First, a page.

Irked Echo unplugs subs

Satcaster shuts off signals to protest bill

WASHINGTON — Thousands of satellite subscribers lost network programming over the weekend, as EchoStar chairman Charlie Ergen called Congress’ bluff and began shutting off signals to subs while urging them to register complaints over a pending reform bill with their elected representatives.

Ergen’s decision to use his subscriber base to play politics comes as a pending satellite bill continues to be bogged down in the Senate. Finance Committee chairman Phil Gramm (R-Texas) is blocking the bill, which was expected to have been signed into law by now. Gramm claims a provision of the bill must be approved by his committee.

Last week the House chalked up a 411-8 vote in favor of a bill allowing satcasters to add local broadcast stations to their channel lineup. EchoStar maintains that the subscribers would lose their signals under the pending satellite reform bill, and by shutting off those signals it was just beginning a process that would soon be required by law.

Ergen is taking advantage of the delay to mobilize his growing subscriber base.

After lobbying for the bill for more than three years, Ergen was upset with the final product, which leans heavily toward policy positions taken by the broadcasting industry. For instance, the bill gives Ergen only six months to sign deals with the broadcasting industry that will allow him to retransmit their signals to subscribers. And after two years, he will have to carry every broadcast channel in markets where he offers local service — a provision he says that will limit the number of markets he’ll be able to serve.

Rough transition

In addition, the bill requires Ergen to cut off network feeds to all homes in the markets where he provides local signals on the very day that he launches his local service. The customers must be cut off whether or not they sign up for the local channels. Ergen believes that will create an extremely rough transition for a large percentage of his 3 million subscribers who get their network programming from stations that are sometimes thousands of miles away.

And Ergen is not the only one trying to gain some ground this week with respect to the satcasting reform bill. Online companies such as AOL are very upset to discover language in the bill that would prevent them from offering broadcast TV programming via the Internet. The bill specifically states that the license that allows satellite and cable companies to retransmit local TV stations does not apply to Internet Service Providers.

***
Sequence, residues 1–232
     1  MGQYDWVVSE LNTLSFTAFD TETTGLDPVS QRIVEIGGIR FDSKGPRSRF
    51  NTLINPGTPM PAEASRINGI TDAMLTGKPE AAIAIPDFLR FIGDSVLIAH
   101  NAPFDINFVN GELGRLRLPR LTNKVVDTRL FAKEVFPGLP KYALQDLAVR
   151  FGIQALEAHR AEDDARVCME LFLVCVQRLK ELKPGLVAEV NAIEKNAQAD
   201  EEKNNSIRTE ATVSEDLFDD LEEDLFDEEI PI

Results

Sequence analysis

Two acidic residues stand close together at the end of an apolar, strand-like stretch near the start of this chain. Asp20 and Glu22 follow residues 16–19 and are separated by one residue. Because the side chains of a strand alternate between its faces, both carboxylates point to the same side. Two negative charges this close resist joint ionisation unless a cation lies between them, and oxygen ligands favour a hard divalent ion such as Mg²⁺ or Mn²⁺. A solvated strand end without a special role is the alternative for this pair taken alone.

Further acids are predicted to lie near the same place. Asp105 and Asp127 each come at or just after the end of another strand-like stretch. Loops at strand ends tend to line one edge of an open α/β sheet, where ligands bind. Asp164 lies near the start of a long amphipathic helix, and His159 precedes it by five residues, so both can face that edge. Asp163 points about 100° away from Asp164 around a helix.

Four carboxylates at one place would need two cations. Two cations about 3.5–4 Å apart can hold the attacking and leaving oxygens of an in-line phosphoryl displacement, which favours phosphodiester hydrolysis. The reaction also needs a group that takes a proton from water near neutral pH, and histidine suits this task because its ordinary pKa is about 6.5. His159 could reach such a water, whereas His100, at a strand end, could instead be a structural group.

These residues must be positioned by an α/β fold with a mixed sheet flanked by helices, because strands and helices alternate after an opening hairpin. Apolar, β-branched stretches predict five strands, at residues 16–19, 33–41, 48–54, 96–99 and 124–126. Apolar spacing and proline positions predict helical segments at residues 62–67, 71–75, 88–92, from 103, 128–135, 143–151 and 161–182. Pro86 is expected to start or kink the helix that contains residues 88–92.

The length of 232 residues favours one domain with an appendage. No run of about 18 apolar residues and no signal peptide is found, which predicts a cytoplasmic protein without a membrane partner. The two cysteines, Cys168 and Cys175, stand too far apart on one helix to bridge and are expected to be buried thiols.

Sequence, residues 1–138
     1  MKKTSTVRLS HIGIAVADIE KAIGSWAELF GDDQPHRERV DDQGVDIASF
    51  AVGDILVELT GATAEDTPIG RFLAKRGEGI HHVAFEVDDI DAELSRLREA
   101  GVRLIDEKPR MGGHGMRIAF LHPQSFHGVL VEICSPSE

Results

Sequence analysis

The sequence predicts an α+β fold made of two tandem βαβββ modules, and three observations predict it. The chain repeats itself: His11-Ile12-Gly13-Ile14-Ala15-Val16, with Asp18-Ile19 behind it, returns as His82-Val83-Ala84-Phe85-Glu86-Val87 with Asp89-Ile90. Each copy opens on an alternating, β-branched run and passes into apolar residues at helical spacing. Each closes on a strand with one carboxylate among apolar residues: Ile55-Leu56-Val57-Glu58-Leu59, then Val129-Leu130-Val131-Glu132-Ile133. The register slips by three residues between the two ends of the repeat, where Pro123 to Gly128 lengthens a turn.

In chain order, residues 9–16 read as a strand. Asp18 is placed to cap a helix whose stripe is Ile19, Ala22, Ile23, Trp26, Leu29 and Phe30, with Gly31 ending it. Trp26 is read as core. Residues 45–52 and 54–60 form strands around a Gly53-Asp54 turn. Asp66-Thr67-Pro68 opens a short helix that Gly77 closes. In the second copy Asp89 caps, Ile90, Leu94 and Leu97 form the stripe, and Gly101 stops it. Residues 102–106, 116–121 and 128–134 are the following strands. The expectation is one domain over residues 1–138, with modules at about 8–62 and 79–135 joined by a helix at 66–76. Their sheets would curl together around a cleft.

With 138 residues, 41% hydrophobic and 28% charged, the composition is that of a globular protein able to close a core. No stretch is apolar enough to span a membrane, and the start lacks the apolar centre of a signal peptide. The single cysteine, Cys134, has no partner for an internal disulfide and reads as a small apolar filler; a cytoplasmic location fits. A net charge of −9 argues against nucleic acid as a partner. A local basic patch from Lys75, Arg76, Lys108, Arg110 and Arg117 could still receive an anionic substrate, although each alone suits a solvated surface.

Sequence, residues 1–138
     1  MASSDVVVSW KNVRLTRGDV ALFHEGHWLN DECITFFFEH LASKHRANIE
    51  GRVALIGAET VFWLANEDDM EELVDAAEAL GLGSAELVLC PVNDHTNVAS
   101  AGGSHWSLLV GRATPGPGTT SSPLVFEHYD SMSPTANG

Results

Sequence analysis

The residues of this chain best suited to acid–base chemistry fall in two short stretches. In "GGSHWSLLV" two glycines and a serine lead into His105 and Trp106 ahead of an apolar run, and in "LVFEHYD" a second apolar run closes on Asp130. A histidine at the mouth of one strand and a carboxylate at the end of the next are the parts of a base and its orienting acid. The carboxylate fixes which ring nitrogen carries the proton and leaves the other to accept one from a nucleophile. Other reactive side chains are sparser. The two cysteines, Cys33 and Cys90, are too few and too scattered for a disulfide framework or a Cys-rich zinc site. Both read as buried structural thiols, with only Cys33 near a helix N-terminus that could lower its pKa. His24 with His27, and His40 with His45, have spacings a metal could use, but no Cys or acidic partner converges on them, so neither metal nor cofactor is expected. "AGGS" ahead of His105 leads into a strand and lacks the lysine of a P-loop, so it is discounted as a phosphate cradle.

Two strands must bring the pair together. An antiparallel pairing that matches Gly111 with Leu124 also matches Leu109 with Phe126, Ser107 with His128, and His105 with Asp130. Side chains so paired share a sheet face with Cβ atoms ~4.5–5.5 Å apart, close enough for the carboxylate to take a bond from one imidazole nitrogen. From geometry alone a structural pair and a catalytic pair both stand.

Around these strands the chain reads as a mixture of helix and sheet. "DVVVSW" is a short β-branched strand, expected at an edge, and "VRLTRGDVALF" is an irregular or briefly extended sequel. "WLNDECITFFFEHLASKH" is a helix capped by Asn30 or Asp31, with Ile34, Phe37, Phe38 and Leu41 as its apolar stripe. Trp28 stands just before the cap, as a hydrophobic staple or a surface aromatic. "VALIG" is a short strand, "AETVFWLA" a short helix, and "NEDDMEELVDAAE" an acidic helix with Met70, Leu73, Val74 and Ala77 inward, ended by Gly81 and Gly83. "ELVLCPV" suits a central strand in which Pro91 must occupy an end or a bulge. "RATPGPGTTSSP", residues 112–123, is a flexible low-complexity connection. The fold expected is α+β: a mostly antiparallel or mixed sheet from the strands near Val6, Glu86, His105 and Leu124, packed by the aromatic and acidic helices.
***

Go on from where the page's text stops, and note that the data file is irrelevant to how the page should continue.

Content providers chime in

Content providers such as film studios, broadcasters and sports leagues are fighting to keep the language in. The copyright holders worry that the Internet could undermine their ability to make regional copyright agreements. After all, once someone is on the Internet, it doesn’t matter if he is watching programming that originates in Paris, Texas, or Paris, France.

Even before the House approved the bill, Gramm vowed to block the legislation over a provision that would give a loan guarantee to satellite companies that offer local channels to rural areas and small markets. Gramm insists that his committee has to review all loan guarantees and says he will stand in the way of the popular legislation until the provision is removed.

Deadline looms

Whether or not congressional switchboards are flooded with calls from angry EchoStar subscribers, Capitol Hill needs to make a decision in the next few days on the satellite legislation. Congress is preparing to wrap up their work and head home for the year. If no action is taken, Congress will fail in jump-starting competition to cable. What’s more, the license that allows satcasters to retransmit any network feeds to their subscribers will not have been renewed, meaning that millions of subs will lose all of their satellite-delivered network programming.

In these closing days, tempers are running high and Democrats are beginning to see satcasting reform as a potential campaign issue. If Congress fails to take action on the bill, Democrats may point to it as an example of Republican legislative incompetence.